Hayward’s United States Gazetteer (1853) page 530

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cord, 51 miles N., and 31 S. E. from Haverhill
by railroad.

Plymouth, N. Y., Chenango co. Canasawacta
Creek waters this town. Surface undulating:
soil of good quality. 7 miles N. W. from Nor-
wich, and 118 W. from Albany.

Plymouth, N. C., c. h. Washington co. On the
S. side of Roanoke River, 8 miles from its mouth,
and 112 miles E. from Raleigh.

Plymouth, Pa., Luzerne co. Drained by Har-
vey's and Toby's Creeks. Surface mostly moun-
tainous, abounding with coal. A portion of the
town lies in the valley of Wyoming, and has a
rich soil. Distant
124 miles N. E. from Harris-

Plymouth, Pa., Montgomery co. This town is
mostly inhabited by Friends. The surface is un-
dulating, abounding with limestone and marble;
soil calcareous loam.

Plymouth, Vt., Windsor co. The principal
stream in this township is Black River. On it are
several good mill sites, and a number of natural
ponds, which abound in fish. Two considerable
branches of Quechee River also rise in this town.
A large share of the rocks are primitive lime-
stone. Some of the limestone makes excellent
marble. Steatite or soapstone is also found here.
The surface of Plymouth is considerably broken.
Two mountains extend through it, parallel to the
river, and at no great distance from it. Plymouth
Cave was discovered about the 1st of July, 1818.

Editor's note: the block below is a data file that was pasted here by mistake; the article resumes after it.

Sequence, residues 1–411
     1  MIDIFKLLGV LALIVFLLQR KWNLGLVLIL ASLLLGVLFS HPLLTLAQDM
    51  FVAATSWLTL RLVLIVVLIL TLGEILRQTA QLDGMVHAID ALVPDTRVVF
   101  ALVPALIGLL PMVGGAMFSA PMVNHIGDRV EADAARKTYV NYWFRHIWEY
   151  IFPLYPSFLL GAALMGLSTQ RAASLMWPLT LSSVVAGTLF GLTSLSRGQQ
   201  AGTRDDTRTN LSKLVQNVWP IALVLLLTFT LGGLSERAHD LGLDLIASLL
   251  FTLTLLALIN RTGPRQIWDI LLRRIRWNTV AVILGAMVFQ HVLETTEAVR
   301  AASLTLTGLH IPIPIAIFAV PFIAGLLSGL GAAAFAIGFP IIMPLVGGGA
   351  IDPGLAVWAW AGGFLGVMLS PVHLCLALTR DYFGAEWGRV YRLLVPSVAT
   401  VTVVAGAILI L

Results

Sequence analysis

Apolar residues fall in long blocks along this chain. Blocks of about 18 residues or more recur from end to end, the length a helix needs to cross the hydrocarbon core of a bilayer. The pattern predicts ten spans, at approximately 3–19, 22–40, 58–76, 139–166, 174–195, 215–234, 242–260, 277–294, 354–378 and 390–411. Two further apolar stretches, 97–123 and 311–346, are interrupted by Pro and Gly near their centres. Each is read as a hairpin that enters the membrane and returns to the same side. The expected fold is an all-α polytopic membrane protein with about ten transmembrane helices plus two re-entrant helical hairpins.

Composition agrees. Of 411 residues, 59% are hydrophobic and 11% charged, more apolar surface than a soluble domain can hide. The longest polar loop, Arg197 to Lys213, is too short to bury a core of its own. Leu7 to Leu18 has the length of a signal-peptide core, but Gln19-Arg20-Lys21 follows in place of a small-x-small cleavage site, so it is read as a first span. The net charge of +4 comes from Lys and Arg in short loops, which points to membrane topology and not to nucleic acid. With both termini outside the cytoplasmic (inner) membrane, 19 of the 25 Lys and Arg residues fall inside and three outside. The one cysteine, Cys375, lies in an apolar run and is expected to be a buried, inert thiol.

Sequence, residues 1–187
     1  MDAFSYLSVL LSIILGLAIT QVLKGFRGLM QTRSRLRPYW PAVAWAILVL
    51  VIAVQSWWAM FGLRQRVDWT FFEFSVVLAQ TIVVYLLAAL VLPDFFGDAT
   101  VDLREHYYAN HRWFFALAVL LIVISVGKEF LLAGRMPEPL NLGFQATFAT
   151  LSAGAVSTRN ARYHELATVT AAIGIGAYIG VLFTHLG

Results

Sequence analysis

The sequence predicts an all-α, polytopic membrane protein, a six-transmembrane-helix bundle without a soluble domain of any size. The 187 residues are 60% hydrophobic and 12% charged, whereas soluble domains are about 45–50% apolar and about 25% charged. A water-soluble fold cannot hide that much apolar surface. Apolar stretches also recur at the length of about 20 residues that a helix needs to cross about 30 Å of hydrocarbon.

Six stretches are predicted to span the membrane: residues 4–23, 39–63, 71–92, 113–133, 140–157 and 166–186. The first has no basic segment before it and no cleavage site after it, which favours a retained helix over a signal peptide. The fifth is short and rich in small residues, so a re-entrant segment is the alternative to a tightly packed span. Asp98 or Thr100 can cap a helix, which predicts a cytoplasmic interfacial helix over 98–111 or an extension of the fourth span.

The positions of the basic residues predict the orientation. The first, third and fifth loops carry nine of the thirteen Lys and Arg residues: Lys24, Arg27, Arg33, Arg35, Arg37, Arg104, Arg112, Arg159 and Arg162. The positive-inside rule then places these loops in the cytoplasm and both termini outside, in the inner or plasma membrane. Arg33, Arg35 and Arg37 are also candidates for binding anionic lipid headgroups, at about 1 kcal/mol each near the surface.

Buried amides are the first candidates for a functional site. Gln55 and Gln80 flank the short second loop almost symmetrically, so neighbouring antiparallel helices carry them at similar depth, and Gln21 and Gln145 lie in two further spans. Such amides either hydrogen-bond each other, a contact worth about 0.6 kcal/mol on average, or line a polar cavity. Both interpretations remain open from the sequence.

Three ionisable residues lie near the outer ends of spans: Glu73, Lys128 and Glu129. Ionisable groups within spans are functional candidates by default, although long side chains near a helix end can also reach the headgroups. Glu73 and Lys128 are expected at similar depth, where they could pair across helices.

Caves.) The settlement of this place was
commenced in 1777, by John Mudge, who was
soon followed by Aaron Hewett and others. 52
miles S. from Montpelier, and 15 W. by N. from

Plympton, Ms., Plymouth co. Before its incor-
poration, in
1707, Plympton comprised the N. W.
part of Plymouth. Its Indian name was Wena-
The Wenatuckset, a branch of Taunton
River, passes through the western width of this
town. There are two pleasant villages in the town.
A noble white oak was cut here a few vears ago. It
7 tons and 7 feet of ship timber, and 2
cords of firewood. The Old Colony Railroad
passes through the town.
29J miles S. E. by S.
from Boston, and
W. by N. from Plymouth.

Pocahontas County, Va., c. h. Huntersville.
N. by Randolph co.,E. by Pendleton and
Bath, S. by Greenbrier, and W. by Greenbrier,
Nicholas, and Randolph counties. Drained by
Greenbrier River. Surface rough and elevated,
being crossed by ridges of the Alleghany Moun-
tains ; soil sterile.

Poinsett County, As., c. h. at Bolivar. Bounded
N. by Greene co., E. by the St. Francis River, sepa-
rating it from Mississippi and Crittenden coun-
ties, S. by St. Francis co., and W. by Jackson' co.
Drained by a tributary of St. Francis River, by
Laguille River, and by St. Francis Bayou.

Point Coupee Parish, La., c. h. at Point Coupee.
N. by Avoyelles and Concordia parish-
es, N. E. and E. by the Mississippi River, sepa-
rating it from West Feliciana parish, S. by Baton
Rouge and Iberville 'parishes, and W. by the
Atchafalaya, separating it from St. Landry parish.
Drained by Perdouche Bayou, and in its S. E.
part is Fause Riviere, a former bed of the Missis-
sippi. Surface low and level; soil of excellent
quality, where it is not liable to inundation.

Point Coupee, La., c. h. Point Coupee parish.